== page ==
Baseball / Sports

Oakland Athletics center fielder Craig Gentry (3) makes the final out of the as he catches a deep fly ball hit by Seattle Mariner's Justin Smoak during their game at O.com Coliseum in Oakland, Calif., on Wednesday, May 7, 2014. The Athletics defeated the Mariners, 2-0, during Game 2 of a doubleheader. (Jane Tyska/Bay Area News Group/MCT)

Mariners and Athletics split doubleheader

OAKLAND, Calif. -- It may have ended with a loss. But the Mariners return home to Seattle as winners. Sure, they lost, 2-0, to the Athletics in the nightcap of a doubleheader on Wednesday evening at O.co Coliseum, snapping a five-game winning streak.

Sure, closing out the trip with a four-game sweep of the Athletics in Oakland would have been fantastic. It would have even put them in first place in the American League West.

But after fighting back to win the opening game of the doubleheader, 6-4, in 10 innings, Seattle just seemed a step slow in the field and tick behind at the plate.

They got a solid start from Erasmo Ramirez and good relief work from Tom Wilhelmsen, but there was not much offense. Seattle mustered just three hits and no extra base hits against reliever Drew Pomeranz, who made the start, and the rest of the A's bullpen.

But even after 19 innings of baseball and getting shut out in the second game, the Mariners were still one happy group.

Why?

This 10-day trip -- consisting of three cities and nine games -- couldn't have gone much better. The Mariners went 7-2 on the trip.

"Given the travel as it was -- and it was pretty tough New York to Houston and Houston to Oakland -- and to come out of this series 7-2, it's just an unbelievable trip," manager Lloyd McClendon said. "I was very proud of my team and how we played. We put ourselves in a pretty good position."

Coupled with their improved play at the end of their last homestand, they have won 10 of their last 13 games, improving to 17-16 on the season -- alone in second place in the American League West ahead of Texas.

That seemed implausible 15 days ago when they had just lost their eighth straight game.

"I think the only ones that wavered was you guys -- the sky was falling in and we might as well pack our games and go home," McClendon said to the media in attendance. " But our guys had a great attitude. I think they continue to believe in each other And I told them that they would, that if they continued to go about your business in the right matter things will turn around for you."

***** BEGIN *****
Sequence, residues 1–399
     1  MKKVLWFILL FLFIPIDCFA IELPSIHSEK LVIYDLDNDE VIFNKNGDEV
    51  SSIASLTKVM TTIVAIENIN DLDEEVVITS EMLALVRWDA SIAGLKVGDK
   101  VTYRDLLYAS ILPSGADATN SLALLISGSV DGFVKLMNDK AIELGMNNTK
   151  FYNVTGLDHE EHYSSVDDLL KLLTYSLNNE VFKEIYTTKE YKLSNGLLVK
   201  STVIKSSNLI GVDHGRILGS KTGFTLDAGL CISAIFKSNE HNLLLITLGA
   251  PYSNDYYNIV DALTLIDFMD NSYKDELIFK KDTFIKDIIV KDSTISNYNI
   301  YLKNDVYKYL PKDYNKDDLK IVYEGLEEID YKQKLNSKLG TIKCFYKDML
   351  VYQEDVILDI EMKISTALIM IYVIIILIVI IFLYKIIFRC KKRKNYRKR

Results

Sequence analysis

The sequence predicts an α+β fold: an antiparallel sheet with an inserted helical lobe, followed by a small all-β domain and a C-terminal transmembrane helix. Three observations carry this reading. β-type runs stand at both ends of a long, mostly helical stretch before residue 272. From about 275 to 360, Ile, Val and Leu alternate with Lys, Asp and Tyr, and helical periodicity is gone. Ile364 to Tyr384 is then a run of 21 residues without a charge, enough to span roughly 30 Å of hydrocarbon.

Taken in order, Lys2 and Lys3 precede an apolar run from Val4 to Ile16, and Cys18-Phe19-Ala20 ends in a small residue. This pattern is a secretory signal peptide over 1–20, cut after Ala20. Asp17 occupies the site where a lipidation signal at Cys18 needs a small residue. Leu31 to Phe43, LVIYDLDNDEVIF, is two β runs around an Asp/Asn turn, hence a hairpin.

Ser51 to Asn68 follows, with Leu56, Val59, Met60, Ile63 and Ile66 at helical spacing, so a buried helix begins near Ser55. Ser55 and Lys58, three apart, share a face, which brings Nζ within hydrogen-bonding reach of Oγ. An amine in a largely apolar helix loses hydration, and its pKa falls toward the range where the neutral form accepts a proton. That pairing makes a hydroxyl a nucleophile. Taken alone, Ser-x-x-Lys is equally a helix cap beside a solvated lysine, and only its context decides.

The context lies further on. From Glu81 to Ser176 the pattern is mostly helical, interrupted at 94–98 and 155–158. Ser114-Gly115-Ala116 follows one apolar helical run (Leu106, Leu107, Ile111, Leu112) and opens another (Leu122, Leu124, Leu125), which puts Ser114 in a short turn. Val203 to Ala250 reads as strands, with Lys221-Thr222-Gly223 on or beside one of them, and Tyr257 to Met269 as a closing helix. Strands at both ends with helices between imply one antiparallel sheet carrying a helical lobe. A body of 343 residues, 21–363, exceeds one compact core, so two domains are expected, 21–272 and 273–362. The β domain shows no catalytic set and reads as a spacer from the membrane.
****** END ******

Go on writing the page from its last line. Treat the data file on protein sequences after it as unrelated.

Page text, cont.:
But a turnaround this successful was slightly unexpected. The Mariners took two games in Yankee Stadium, solved their issues with two of three wins against the lowly Astros and then won three of four from the A's, who still lead the division.

"It's been pretty good," said superstitious pitcher Felix Hernandez. "I'm not going to talk about it, but it's been pretty good."

The overall mood was also helped by winning the first game in dramatic fashion with Justin Smoak delivering the game-inning RBI single in the top of the 10th -- a chopper off the glove of a leaping Daric Barton at first base -- and Kyle Seager following with a RBI single of his own to provide a nice insurance run for Fernando Rodney to get his ninth save.

"The field got hard and I was able to bounce one off his glove," Smoak said.

So he didn't think it was going to be a hit?

"Not a chance," he said. "I was pretty mad about it as soon as I hit it. Once it clanked it off his glove, I was just trying to get to first. It's baseball and that's what happens when you go on good streaks -- stuff like that happens."

There was no stuff like that happening for Ramirez and no run support either in the nightcap.

Called up to be the 26th man on the roster specifically for the doubleheader, Ramirez gave the Mariners better than expected, pitching six innings and giving up two runs on six hits with a walk and four strikeouts.

"He threw the ball good," McClendon said. "He did a nice job."

It was a vast improvement to the type of starts he was giving the Mariners early in the season, the type of starts that got him demoted back to the minor leagues.

"I totally understand what happened," Ramirez said. "I was totally lost. Everybody was asking me what the difference between spring training and now, and what I was doing. I put it all back together again. I wasn't aggressive. I was scared to throw. That's what I worked on in the minor."

The first run he allowed came in the third inning when Craig Gentry led off with a ground ball into the hole. He later scored from first when Jed Lowrie's towering pop fly to shallow left field dropped in between left-field Cole Gillespie, shortstop Brad Miller and third baseman Kyle Seager.

The A's tacked on another in the fourth inning when Yoenis Cespedes sent a screaming line drive over the wall in left field for the other run.

The Mariners had minor threats in the first and seventh inning, but Pomeranz, who pitched five shutout innings, Dan Otero and Jim Johnson kept them scoreless.

Wilhelmsen gave the Mariners two scoreless innings of relief work.

Now the Mariners head back to Safeco Field to open a seven-game homestand, starting with a four-game series against a talented Kansas City Royals (16-17) team.

"It's definitely a building block and a good stretch and hopefully we can carry it over to home," said catcher Mike Zunino. "We still have a lot of room to piece everything together and play a complete ball game. It's still a work in progress."

(c)2014 The Seattle Times

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Distributed by MCT Information Services

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MARINERS


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